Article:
While Ukraine blamed the strike on the city of Kramatorsk on a Russian missile, Russian drones were also used overnight to attack targets in the country. According to the Ukrainian Air Force, six Iranian-made Shahed drones were destroyed by its air defenses, two of them being brought down over the Cherkasy Oblast in central Ukraine. In the same region, another two of the drones hit an empty warehouse, again according to Ukrainian Air Force accounts.

Elsewhere in Ukraine, local authorities have reported casualties as a result of Russian shelling. Oleh Synyehubov, the governor of Kharkiv Oblast, in the northeast of the country, said that three civilians had been killed by shelling in the village of Vovchan, in the Chuguyiv district.

“The enemy continues to fire on peaceful residents of Kharkiv Oblast,” Synyehubov said. “Unfortunately, there are victims.”

Synyehubov also said that a 70-year-old woman had been injured in shelling in the Kupiansk district. He also added that the attacks were prosecuted using “surface-to-air missiles,” suggesting that Russia used S-300 missiles in a surface attack capacity.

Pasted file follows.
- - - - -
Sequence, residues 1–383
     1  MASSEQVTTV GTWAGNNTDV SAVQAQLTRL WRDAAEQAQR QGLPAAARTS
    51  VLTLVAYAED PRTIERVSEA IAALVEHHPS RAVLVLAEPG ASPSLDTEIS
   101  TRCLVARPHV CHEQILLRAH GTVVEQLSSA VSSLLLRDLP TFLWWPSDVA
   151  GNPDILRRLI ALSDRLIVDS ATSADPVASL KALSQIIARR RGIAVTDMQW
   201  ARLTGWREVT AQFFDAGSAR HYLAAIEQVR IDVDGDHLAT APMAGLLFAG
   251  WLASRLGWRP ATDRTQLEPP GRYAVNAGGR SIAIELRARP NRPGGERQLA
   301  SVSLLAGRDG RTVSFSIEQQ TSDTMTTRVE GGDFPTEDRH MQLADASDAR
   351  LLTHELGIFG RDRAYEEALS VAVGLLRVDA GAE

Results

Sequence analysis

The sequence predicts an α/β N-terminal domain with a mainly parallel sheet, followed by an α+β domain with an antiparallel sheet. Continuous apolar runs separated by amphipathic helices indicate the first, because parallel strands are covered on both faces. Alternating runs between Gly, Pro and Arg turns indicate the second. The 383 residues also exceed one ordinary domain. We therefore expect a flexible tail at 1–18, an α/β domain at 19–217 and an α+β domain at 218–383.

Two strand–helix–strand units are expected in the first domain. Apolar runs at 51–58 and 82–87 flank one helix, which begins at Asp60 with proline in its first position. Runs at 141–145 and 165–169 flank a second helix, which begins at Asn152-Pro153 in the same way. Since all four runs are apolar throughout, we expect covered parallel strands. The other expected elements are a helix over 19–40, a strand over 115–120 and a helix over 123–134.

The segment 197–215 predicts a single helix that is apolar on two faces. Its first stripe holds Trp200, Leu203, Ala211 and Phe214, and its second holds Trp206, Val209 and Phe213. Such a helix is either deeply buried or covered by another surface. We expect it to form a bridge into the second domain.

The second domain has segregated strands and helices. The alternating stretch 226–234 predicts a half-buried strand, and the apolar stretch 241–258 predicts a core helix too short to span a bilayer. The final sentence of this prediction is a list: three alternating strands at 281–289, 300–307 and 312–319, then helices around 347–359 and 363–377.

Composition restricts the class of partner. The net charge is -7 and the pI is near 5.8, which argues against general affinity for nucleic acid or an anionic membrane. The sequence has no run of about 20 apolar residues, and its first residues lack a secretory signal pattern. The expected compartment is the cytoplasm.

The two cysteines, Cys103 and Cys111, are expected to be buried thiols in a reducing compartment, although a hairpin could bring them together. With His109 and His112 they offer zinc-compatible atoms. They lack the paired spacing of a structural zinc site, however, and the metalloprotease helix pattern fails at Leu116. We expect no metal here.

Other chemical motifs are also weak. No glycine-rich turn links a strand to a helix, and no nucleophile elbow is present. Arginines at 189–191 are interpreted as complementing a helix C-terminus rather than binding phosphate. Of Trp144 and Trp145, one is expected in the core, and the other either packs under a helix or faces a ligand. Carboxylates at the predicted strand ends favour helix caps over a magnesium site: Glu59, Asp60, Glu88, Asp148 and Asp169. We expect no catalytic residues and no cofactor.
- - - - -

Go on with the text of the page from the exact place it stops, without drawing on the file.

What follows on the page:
According to Ukrainian state broadcaster Suspilne, three people were injured overnight by Russian shelling in the Kherson region. Its report claims that “the Kherson community was hit 12 times, 49 shells were fired. Three residents of the community were injured.”

With Ukraine’s air defenses under continued pressure from Russian attacks of all kinds, there remains a huge demand for additional ground-based air defense systems, especially modern Western ones, to supplant Kyiv’s mainly Soviet-era systems.

Today, Lithuania’s president, Gitanas Nausėda, confirmed that his country will supply Ukraine with two NASAMS launchers. Nausėda made the announcement during a visit to Kyiv today.